Soon enraged villagers arrived and began to abuse him by throwing stones and dirt , pushing him around and beating him about the head.  “… the women are worst of all.  Blood was running down my face.  One moment I was lying on the ground, being trampled under their feet; the next, they’d grabbed me up by my clothes and hoisted me high in the air, to rip off my shiny buttons.  In this way my uniform was torn to shreds.”

Eventually, he was placed among other Westphalian prisoners, all from his own, reconstituted regiment.  They had been captured while out on a foraging party.  The group was herded along at lance-point.  Soaked and starving, they were forced into pigstyes for the night where they were watched over by peasants and Coassacks.  Fearing this might be his end, the prisoners were instead called out where they were thrown bread: “A bit was flung to each of us, and we were allowed to drink out of a well used by the cattle.  Such was the beginning of a chain of efforts and sufferings no pen can describe.”

They arrived at the headquarters of General [Ferdinand von] Winzingerode, a German in Russian service.  The General sympathized with his fellow countrymen and made arrangements for their better treatment, but once away from the camp, their suffering renewed.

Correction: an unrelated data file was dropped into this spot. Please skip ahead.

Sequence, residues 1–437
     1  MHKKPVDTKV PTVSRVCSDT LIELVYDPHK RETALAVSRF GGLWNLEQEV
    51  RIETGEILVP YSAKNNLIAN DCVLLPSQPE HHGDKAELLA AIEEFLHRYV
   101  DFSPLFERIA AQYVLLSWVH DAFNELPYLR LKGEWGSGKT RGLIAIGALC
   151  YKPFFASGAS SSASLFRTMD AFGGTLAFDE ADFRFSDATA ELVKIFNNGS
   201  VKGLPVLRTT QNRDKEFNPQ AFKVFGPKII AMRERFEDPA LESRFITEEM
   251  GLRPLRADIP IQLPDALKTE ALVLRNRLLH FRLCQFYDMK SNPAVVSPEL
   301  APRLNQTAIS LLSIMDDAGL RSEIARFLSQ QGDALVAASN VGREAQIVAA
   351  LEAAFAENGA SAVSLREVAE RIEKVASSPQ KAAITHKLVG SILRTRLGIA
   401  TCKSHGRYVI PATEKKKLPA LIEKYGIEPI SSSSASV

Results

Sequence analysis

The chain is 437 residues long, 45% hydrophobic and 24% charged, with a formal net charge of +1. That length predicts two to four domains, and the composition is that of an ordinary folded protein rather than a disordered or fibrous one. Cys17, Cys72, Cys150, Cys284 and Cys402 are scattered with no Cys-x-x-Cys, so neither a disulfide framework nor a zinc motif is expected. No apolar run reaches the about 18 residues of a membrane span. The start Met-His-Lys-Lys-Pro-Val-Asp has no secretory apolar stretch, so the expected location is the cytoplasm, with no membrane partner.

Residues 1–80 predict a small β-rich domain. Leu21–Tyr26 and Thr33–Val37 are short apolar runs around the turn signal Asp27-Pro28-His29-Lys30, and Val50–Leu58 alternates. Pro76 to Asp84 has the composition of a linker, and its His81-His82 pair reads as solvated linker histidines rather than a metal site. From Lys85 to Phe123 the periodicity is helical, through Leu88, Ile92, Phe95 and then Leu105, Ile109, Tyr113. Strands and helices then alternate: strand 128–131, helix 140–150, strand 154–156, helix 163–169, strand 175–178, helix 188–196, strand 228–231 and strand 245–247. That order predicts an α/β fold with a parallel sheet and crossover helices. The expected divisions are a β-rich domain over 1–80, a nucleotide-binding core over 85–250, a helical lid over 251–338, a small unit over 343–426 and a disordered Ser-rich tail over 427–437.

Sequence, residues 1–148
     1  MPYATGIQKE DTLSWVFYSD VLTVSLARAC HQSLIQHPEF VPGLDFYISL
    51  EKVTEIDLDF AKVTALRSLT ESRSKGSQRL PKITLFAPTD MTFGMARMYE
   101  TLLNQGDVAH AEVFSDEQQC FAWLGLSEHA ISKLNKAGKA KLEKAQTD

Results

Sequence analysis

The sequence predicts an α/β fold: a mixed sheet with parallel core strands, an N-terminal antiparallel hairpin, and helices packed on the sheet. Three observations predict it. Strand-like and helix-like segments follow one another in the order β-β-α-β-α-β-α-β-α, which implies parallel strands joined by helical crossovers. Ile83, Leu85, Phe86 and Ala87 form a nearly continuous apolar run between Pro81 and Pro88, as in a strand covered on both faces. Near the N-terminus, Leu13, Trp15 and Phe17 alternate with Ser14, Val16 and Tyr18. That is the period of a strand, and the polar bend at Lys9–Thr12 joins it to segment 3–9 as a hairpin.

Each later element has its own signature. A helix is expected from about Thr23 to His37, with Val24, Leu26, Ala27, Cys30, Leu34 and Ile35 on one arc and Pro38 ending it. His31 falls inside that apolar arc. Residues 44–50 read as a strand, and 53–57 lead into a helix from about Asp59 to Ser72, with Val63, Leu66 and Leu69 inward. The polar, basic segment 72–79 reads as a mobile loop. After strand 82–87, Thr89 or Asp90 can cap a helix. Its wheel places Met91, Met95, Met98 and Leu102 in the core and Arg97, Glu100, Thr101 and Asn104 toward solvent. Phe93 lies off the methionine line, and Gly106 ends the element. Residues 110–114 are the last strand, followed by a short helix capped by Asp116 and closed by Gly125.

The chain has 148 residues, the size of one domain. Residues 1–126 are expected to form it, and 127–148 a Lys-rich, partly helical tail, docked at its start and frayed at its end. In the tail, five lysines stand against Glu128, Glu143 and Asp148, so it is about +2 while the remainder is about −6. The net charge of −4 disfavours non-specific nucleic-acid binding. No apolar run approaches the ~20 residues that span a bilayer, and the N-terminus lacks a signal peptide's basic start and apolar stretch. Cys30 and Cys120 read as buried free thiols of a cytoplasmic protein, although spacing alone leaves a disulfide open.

Forced to travel day after day at a brisk trot, they were herded like cattle and watched over by peasants with clubs.  “Anyone who has ever marched in a column knows how wearisome it is to march close behind the man in front of you.  But unable to move on without tramping on his heels, after only an hour’s marching the strongest man was powerless.”

The peasants’ treatment of prisoners: “bore witness to a low bestiality without a trace of humanity in it.”

On January 5th, they reach Archangel on the White Sea.

Source: 1812: Napoleon’s Invasion of Russia by Paul Britten Austin, pp. 221-229.